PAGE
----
The Resolution Law Group: MF Global to Pay $1.2B to Customers

U.S. District Court Judge Victor Marrero has ordered MF Global to pay customers over $1.2 billion. The defunct brokerage firm left an about $1.6 billion shortfall for approximately 38,000 customers when it filed for bankruptcy protection in 2008.

Now, with this court order, along with the attempts of a liquidation trustee to get back the missing funds, customers are going to get almost all of their money back. Also, in addition to paying certain creditors and customers, MF Global will pay a $100 million penalty.

The brokerage tanked financially after it revealed that it had placed bets worth billions of dollars on high risk European debt. As customers started to leave MF Global in bulk and trading partners demanded bigger margin payments, the firm used customer funds for its own purposes (more than a billion dollars was taken out of their accounts) and did not replace them. This is not allowed. Also the estimated shortfall was about $1.6 billion.

It was the US Commodity Futures Trading Commission that got the federal court consent order against MF Global obligating the latter to pay the restitution. The CFTC filed its complaint against MF Global in June charging the firm and others with unlawfully using the funds of customers. The agency also accused the brokerage of making false statements to cover up the shortfall in filings it submitted to the regulator.

In the consent order, MF Global admits to the allegations related to its liability on the basis of omissions and actions committed by its employees. (Also, a bankruptcy judge has just cleared the firm to repay all the funds it owes to commodity customers both in the US and abroad.)

Just last week, Judge Marrerro rejected Corzine’s attempt to get a shareholder securities lawsuit against him and other MF Global executives dismissed. The plaintiffs are accusing them of misleading investors about the high-risk bets that were made on European debt. In his decision, Marrero commented on how the defendants appeared convinced that none of them did anything wrong. He speculated that maybe instead, “supernatural forces” or “stuff happens” was to blame for the firm’s spectacular “multi-billion dollar” crash. Meantime, the CFTC’s civil case against MF Global Holdings Ltd, ex-CEO John Corzine, and ex-Assistant Treasurer Edith O’ Brien have yet to be resolved.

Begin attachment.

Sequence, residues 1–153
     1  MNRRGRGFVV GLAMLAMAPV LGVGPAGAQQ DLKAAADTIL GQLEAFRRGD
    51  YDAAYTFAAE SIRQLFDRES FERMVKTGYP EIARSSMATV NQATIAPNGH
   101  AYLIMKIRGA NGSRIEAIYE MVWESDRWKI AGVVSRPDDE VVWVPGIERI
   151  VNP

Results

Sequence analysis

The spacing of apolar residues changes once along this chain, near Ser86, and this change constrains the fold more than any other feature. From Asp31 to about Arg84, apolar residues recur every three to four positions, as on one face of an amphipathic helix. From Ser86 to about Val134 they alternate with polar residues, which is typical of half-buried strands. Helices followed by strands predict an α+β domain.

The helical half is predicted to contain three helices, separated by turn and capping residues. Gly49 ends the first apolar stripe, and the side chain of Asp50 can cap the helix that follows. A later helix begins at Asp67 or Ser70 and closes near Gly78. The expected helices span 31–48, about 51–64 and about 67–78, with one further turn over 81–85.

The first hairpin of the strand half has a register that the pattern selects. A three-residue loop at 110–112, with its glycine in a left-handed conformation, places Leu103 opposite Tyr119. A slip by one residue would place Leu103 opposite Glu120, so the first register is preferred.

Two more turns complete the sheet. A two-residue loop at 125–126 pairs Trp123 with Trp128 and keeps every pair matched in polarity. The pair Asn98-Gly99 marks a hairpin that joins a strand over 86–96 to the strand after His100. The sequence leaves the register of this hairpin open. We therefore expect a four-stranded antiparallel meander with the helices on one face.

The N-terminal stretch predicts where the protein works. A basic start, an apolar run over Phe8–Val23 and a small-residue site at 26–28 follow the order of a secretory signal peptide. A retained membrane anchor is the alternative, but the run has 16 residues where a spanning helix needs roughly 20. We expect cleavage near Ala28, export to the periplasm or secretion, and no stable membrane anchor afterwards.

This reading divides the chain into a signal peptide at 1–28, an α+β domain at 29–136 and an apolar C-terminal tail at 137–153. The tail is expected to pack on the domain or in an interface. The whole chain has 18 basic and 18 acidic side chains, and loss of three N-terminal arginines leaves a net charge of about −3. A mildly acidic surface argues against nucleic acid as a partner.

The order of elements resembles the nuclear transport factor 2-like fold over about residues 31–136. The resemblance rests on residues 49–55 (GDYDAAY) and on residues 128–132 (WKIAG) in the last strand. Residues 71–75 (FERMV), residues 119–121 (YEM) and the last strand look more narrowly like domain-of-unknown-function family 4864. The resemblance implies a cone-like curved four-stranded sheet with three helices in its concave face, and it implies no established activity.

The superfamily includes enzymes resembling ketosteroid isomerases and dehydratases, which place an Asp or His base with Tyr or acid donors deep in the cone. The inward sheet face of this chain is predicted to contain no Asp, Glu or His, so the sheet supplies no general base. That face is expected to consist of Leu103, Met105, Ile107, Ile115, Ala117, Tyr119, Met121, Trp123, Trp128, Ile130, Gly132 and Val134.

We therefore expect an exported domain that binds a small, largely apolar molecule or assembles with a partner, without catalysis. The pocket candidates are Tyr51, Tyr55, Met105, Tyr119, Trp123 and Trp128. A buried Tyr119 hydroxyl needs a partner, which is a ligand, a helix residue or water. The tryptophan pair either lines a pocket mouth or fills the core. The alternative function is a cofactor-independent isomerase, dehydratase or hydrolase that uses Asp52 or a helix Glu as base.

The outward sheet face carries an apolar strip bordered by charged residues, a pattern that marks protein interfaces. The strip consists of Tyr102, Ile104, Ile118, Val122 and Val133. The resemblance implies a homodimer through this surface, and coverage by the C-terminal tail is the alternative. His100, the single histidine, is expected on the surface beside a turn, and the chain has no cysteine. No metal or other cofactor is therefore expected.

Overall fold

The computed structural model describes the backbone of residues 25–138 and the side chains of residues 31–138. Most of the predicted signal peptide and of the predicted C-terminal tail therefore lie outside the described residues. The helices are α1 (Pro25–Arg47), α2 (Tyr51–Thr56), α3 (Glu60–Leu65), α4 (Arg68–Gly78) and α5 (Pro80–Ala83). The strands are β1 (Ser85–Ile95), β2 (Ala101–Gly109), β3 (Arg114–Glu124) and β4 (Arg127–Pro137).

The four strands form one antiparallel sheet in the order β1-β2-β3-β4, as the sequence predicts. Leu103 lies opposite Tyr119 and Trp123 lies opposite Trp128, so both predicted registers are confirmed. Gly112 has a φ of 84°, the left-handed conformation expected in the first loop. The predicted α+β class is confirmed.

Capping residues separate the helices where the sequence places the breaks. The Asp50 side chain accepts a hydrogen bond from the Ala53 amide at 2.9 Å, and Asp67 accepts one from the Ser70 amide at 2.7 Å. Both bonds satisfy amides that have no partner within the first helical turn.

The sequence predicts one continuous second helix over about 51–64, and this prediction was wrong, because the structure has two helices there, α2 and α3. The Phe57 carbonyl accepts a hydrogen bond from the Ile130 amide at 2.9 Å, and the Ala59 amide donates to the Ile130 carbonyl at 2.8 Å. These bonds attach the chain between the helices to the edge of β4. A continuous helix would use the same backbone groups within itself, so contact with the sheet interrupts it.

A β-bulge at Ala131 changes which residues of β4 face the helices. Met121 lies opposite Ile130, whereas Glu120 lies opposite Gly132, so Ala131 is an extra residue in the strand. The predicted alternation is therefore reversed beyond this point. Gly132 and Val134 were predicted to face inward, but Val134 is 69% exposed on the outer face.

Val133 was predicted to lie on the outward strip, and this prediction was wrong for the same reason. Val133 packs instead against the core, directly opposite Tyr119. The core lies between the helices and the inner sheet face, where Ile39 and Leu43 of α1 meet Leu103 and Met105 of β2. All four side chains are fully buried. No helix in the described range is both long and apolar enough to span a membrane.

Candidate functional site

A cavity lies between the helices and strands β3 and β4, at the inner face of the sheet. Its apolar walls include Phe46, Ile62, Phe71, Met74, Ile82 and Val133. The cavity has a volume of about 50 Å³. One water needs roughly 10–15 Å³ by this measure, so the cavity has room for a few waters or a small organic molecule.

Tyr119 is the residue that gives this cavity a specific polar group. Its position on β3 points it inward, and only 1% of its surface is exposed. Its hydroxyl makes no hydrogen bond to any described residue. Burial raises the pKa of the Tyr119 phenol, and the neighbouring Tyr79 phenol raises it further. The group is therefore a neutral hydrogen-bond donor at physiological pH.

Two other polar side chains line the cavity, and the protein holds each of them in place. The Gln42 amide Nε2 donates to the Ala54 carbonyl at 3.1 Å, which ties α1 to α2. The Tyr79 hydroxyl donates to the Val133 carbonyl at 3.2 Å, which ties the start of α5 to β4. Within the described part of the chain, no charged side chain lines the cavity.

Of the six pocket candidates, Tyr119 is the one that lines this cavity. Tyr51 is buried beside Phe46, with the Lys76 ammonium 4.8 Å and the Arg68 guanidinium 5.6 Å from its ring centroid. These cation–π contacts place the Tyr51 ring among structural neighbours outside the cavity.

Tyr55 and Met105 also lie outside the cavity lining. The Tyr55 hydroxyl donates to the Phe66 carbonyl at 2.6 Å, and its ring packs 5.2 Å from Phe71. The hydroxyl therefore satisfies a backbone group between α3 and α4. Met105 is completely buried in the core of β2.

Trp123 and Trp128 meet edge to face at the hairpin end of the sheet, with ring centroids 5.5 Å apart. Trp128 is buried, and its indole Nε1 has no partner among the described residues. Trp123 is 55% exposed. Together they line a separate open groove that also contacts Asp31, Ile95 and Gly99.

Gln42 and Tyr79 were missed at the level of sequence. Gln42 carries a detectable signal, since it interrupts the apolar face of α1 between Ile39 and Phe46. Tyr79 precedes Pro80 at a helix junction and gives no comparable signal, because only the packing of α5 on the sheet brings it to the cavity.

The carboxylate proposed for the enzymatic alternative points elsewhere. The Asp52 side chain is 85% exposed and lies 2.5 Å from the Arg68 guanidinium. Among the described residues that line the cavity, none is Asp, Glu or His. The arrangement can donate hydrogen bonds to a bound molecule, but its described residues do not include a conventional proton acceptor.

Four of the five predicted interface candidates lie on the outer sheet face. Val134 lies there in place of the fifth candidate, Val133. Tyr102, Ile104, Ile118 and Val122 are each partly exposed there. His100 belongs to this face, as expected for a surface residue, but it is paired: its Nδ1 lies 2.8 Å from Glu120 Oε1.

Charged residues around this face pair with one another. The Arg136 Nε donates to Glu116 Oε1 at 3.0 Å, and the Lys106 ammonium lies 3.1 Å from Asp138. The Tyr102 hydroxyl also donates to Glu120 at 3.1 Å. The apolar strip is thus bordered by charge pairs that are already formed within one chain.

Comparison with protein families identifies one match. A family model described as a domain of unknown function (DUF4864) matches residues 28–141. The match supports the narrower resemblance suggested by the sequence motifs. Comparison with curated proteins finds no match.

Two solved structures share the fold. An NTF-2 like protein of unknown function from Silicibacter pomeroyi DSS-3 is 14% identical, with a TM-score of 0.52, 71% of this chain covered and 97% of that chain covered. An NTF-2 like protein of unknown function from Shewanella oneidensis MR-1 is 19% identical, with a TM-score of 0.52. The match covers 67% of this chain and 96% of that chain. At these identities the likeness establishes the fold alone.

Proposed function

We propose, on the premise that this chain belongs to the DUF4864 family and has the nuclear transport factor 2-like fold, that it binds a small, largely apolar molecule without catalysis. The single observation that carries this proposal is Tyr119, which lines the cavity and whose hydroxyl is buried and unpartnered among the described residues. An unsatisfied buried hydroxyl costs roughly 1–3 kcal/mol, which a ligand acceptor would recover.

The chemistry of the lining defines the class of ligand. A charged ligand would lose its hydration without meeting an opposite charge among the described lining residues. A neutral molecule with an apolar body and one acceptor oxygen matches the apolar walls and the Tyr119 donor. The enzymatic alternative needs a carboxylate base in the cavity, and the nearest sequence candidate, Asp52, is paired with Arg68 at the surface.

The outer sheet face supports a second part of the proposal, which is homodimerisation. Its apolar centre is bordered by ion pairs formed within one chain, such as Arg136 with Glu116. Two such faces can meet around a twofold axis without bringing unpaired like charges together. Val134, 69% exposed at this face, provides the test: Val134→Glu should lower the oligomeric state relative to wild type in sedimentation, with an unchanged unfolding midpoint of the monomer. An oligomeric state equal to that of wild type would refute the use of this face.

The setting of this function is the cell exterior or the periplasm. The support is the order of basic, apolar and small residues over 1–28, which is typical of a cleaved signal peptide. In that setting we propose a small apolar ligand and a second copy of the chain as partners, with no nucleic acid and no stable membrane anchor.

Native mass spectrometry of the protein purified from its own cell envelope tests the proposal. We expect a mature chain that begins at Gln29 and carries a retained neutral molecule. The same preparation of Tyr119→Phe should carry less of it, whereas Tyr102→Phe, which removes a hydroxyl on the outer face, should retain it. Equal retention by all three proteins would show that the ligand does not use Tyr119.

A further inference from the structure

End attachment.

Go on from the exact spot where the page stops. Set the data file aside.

While it is a positive that customers are finally getting their money back—it doesn’t mean that this makes up for the last two years when they were unable to access their funds. Some folks were shut out of trading while others lost their businesses.

Our securities lawyers at The Resolution Law Group were among those that investigating MF Global claims of customers. We represent institutional and individual investors in getting their losses back.

Advertisements

The Resolution Law Group: Financial Firms in the Headlines: UBS Charges Financial Planning Fees, MF Global Customers Seek to Cap Ex-Leaders’ Legal Defense Expenses, Ex-Thompson REIT CFO is Suspended

UBS Wealth Management Customers Now Paying a Fee for Financial Plans
UBS (UBS) Wealth Management Americas is now charging a fee for the financial plans that advisers are customizing for the firm’s clients. According to the head of the wealth management advisor group head Jason Chandler, this new policy wasn’t implemented to up firm revenues, although it has. Rather, it was set up to increase the level of commitment clients have to their plan, which he say is what happens when they have to pay money for one.

To date this year, the company has made $3 million in financial plan fees, up from $1.4 million from last year. The average fee amount is $4,100. Advisers who design the financial plans are getting 50% of the fee that they charge, while 15% of the fees earned from the plans end up in expense accounts for them.